UAE told to cut back on farming to save water
Abu Dhabi consumes 145 gallons per person per day, a trend that may leave the country without fresh water in five decades.
Tue, Feb 08, 2011 at 01:39 PM
WATER WASTER?: The Dubai Fountain by the Burj Dubai Lake. The fountain shoots water jets as high as 500 feet and is 900 feet long. (Photo: Robert Cianflone/Getty Images)
ABU DHABI - The United Arab Emirates should conserve water by using less of it for agriculture, a senior safety official said this week, highlighting concerns about the future of the Gulf state's scarce water resources.
The UAE, which has 7 percent of the world's known oil reserves, is among the top per capita consumers of water in the world.
Abu Dhabi consumes 550 liters (145 gallons) of water per person per day, an official from the emirate's Environment Agency said last year, compared to a world average of 180-200 liters.
At the same time, the small country suffers from a chronic shortage of water due its year-long hot and dry climate.
The UAE depends on groundwater and desalination plants, but its fresh water reserves are expected to deplete in the next five decades, according to Abu Dhabi's Environment Agency.
"Wars can erupt because of water," said Mohammed Khalfan al-Rumaithi, director general of the UAE's National Emergency and Crisis Management Authority.
"Using groundwater for agriculture is risky. If it doesn't harm us it will harm other generations," Rumaithi told the Federal National Council, an advisory body with limited parliamentary powers, which was discussing plans for securing food and water reserves.
Neighboring Saudi Arabia said in 2008 it would cut domestic wheat output by 12.5 percent a year to save the desert kingdom's scarce water supplies and rely entirely on imports by 2016 after trying to be self-sufficient for three decades.
The UAE is investing heavily in farms across the globe. This secures food supplies, but also is viewed by some as a way to reduce the consumption of fresh water locally.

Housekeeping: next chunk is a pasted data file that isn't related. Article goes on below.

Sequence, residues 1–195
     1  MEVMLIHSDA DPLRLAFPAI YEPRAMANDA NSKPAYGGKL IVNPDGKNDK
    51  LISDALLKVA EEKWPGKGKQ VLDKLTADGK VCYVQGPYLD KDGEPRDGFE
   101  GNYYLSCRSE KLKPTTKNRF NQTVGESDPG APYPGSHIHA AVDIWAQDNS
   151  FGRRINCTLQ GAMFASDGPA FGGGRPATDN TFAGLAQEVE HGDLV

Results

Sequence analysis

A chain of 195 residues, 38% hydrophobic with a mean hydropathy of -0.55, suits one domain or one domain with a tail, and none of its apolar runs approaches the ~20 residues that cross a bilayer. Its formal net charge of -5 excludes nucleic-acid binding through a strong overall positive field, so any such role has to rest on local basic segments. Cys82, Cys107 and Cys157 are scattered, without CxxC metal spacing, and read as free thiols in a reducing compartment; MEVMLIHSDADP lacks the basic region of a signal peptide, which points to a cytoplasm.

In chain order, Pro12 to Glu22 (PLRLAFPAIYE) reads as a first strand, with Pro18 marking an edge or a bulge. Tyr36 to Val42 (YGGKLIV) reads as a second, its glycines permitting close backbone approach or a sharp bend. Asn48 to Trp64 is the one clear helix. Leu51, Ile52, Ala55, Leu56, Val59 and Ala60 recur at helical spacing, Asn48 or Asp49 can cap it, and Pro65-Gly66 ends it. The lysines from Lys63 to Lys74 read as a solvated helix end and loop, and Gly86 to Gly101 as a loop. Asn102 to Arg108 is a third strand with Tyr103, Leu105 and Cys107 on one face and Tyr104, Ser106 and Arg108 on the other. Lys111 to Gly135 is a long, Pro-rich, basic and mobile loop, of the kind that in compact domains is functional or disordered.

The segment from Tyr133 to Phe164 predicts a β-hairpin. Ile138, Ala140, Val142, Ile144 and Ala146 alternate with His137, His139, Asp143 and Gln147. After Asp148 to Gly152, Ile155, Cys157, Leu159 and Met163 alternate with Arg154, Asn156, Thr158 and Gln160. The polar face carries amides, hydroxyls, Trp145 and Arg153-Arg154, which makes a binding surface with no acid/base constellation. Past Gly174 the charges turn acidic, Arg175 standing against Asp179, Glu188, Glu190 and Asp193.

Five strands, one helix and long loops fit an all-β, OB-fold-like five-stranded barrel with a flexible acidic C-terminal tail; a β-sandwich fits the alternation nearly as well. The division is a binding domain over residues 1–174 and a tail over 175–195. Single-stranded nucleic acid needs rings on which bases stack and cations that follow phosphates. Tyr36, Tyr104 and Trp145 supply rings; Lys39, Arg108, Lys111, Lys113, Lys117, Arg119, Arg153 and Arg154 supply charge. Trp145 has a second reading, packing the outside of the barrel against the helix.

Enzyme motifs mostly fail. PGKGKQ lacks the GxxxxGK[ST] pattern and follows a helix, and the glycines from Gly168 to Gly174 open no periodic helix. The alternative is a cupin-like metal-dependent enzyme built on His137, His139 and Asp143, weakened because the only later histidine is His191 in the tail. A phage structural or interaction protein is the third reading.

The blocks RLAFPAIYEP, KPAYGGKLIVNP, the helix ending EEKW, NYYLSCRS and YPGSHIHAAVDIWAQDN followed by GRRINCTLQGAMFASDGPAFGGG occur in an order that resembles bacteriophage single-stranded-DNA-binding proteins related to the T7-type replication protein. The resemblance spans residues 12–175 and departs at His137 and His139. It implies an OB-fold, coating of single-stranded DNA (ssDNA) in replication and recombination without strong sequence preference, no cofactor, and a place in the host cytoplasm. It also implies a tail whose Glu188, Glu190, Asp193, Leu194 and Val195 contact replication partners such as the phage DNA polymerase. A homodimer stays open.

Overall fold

Last month, Abu Dhabi, the largest and wealthiest of the seven emirates that make up the UAE, distributed 90.5 million dirhams ($24.64 million) in subsidies to farmers who stopped growing a water-intensive fodder for camels.
"We suffer from a shortage of water and we should think about solutions to preserve it rather than using it for agriculture," Rumaithi said.
Setting up strategic water reserves would safeguard against a possible disruption of the 70 desalination stations that supply 24 percent of the UAE's water demand, he said.
Red tides, or harmful algae bloom, and oil spills create risks for the plants' operations.
Abu Dhabi is leading the UAE's plans to secure its water reserves. In October, it launched a pilot for the world's largest underground reservoir, with 26 million cubic meters (918.2 million cubic feet) of desalinated water. The $436 million reservoir will store 90 days of rationed water when completed.
Rumaithi did not say how long current water reserves would last if supplies from desalination plants were disrupted. But he said food reserves would last six months.
(Reporting by Mahmoud Habboush)
Copyright 2011 Reuters Environmental Online Report